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tion" or the exact kind of "meritorious conduct" or service, and in what arm of the service or department rendered, for which such brevet promotion was conferred, whether the same be mentioned or described in the letter of appointment or commission or not.
Mr. TAYLOR, by unanimous consent, submitted the following resolution; which was read, considered, and agreed to:
West Point. Of course, this provision will exhaust itself in the course of the next three or four years, for there will then be no candidates to which it can apply. The committee thought it but proper that this should be held out as a sort of bonus or compensation to these young men for that portion of their time which has been cut out of their lives, as it were; that there should be added to the time when they can enter the Military Academy the term of two years, so they may have the opportunity of obtaining the benefit of a further military education, if they can get the appointment, in addition to the practical military education they have obtained in the field. It does not amount to much; but it is something.
Mr. THAYER. I would vote cheerfully for anything that would benefit the class of officers to whom the chairman of the Military Committee [Mr. SCHENCK] has referred; but it seems to me to be a very equivocal kind of benefit to propose that a gentleman of the age of twentyfour years shall be allowed to enter the Military Academy, for by the time he graduates and is eligible to appointment as a brevet second lieutenant he will be twenty-eight years of age.
Mr. SCHENCK. The gentleman may perhaps not be aware that in filling the five hundred and sixty-four vacancies in the grades of first and second lieutenants of the regular Army, it is found that the candidates for those positions include not merely those who have served in the late war as lieutenants, but many captains and field officers, and even some who have attained the rank of brigadier general in the volunteer service. It is found that men who have obtained some experience of military life during the war, and have acquired some practical knowledge of the service, desire to continue in the service, even in instances where they have become brigadier generals. In almost numberless cases, where they have become field officers, they are willing to be turned back and enter the service again as second lieutenants. Now, if that can be taken as a sample of what may be expected, there will be found many young men wliose devotion to civil pursuits has been interrupted by the war, who will be glad to enter West Point even up to the age of twenty-four years, if vacancies shall occur in the districts in which they reside and they can secure the appointments.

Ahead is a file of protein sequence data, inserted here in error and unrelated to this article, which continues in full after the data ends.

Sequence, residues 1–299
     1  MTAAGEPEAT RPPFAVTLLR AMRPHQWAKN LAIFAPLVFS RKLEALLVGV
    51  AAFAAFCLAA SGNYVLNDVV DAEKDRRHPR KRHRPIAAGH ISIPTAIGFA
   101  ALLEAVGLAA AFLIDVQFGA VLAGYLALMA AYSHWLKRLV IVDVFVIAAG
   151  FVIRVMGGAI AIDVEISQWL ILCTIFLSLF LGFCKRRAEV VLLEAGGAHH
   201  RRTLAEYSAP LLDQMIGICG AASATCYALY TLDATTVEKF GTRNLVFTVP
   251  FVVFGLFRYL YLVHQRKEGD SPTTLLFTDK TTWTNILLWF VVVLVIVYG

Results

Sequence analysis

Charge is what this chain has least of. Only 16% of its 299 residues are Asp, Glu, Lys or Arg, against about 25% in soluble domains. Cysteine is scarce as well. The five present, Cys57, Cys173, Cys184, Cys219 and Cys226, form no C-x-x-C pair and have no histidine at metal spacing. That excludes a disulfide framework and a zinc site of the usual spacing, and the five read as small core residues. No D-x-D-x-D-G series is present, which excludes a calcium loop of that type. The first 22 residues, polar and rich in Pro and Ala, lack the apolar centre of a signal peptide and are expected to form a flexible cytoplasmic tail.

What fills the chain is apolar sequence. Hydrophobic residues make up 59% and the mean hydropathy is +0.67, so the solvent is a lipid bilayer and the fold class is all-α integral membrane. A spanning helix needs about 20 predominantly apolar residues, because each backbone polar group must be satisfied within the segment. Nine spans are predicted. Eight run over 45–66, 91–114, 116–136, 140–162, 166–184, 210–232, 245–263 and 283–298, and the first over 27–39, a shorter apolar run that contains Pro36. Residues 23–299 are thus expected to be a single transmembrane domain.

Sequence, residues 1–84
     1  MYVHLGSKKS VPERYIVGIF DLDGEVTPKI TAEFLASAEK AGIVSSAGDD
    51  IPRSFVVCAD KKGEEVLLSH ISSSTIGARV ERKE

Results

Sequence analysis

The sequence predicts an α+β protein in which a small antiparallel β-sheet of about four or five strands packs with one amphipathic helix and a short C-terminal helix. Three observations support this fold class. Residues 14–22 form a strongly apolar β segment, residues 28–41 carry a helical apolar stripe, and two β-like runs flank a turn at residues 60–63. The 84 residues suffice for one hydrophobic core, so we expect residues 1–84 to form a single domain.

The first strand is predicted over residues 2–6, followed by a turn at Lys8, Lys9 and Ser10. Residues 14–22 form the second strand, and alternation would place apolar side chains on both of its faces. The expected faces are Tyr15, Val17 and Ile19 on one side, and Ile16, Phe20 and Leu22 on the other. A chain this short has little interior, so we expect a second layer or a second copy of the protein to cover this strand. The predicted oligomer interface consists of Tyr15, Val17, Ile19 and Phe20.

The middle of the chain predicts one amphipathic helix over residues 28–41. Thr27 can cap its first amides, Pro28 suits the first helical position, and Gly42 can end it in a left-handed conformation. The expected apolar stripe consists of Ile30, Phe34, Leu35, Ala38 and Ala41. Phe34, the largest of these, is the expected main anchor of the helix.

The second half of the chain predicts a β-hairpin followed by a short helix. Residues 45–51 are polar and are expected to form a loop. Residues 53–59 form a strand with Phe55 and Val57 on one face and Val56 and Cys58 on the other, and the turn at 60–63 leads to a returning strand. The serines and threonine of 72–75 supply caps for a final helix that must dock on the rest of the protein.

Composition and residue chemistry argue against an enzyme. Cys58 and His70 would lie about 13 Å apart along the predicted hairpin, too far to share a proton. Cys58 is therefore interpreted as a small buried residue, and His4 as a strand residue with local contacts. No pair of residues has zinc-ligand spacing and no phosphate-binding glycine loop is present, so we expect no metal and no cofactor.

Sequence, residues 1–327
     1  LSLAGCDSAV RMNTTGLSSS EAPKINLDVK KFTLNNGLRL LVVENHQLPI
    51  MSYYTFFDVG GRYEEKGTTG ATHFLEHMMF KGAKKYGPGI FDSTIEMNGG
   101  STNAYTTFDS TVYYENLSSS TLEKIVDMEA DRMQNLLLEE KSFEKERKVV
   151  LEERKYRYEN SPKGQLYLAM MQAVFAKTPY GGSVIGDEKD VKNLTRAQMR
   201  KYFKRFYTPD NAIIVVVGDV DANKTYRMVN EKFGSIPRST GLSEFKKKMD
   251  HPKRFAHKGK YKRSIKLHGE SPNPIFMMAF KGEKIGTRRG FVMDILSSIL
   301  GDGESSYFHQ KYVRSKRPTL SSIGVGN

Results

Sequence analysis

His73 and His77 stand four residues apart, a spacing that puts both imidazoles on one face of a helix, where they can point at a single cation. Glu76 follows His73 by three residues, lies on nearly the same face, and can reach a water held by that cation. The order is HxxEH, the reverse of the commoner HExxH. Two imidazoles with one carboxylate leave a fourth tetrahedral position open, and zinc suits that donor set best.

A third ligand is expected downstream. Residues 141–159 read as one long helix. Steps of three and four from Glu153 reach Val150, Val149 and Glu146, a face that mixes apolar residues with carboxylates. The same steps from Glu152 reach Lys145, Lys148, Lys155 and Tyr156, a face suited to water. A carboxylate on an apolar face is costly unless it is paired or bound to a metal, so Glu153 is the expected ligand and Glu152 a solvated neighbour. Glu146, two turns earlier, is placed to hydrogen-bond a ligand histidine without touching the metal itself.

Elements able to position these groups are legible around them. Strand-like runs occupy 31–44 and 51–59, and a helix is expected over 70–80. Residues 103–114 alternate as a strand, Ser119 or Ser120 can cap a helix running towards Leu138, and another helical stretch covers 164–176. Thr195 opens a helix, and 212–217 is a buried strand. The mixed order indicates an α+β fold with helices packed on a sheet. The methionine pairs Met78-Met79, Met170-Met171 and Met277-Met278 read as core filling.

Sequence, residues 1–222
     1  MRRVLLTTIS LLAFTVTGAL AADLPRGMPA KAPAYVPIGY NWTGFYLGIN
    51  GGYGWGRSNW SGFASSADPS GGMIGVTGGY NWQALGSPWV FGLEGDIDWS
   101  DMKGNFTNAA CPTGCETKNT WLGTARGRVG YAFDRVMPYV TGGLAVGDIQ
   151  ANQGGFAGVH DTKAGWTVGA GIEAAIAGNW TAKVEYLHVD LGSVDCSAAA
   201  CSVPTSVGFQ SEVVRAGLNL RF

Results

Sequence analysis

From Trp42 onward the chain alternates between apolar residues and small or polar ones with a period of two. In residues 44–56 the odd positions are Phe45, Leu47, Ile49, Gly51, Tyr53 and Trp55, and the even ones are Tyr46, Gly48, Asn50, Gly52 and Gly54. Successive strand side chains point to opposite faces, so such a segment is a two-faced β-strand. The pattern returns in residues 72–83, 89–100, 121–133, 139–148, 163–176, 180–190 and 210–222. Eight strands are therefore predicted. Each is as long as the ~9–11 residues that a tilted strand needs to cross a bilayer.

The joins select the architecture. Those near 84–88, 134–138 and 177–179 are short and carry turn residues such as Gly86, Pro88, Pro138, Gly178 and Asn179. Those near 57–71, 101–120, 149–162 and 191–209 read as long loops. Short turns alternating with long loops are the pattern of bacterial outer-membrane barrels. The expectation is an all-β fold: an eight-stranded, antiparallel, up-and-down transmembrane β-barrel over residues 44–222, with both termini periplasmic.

I now call the previous question. The previous question was seconded and the main question was ordered; and under the operation thereof the substitute was agreed to. The joint resolution, as amended, was then ordered to be engrossed and read a third time; and being engrossed, it was accordingly read the third time and passed.
Whereas it is the practice of United States pension agents to deduct from the pensions of widows, orphans, and decrepit soldiers, wherever they draw their pensions, the sum of forty or fifty cents under the pretense that it is a fee allowed by law for making out pension papers, which practice has become the cause of much complaint: Therefore, be it
Resolved, That the Committee on Invalid Pensions be, and are hereby, instructed to inquire into the expediency and propriety of so amending or modifying the present pension laws, if that be necessary, as will require pension agents to pay full pensions to those who are or may be entitled to receive them, and to report by bill or otherwise.
COMMISSIONER OF PUBLIC BUILDINGS.
The SPEAKER laid before the House a communication from the Commissioner of Public Buildings and Grounds in reply to a resolution of the House of the 10th instant in regard to clerks employed, their former occupation, &c.; which was laid on the table, and ordered to be printed.
APPOINTMENTS TO THE MILITARY ACADEMY.
Mr. SCHENCK, from the Committee on Military Affairs, to which was referred House joint resolution No. 134, relative to appointments to the Military Academy of the United States, with leave to report at any time, reported back the same with an amendment in the nature of a substitute, as follows:
That the age for the admission of cadets to the United States Military Academy shall hereafter be between seventeen and twenty-two years; but any has served and not less than one year as an officer or enlisted man in the Army of the United States, either as a volunteer or in the regular service, in the late war for the suppression of rebellion, and who possesses the other qualifications prescribed by law, shall be eligible to appointment up to the age of twenty-four years.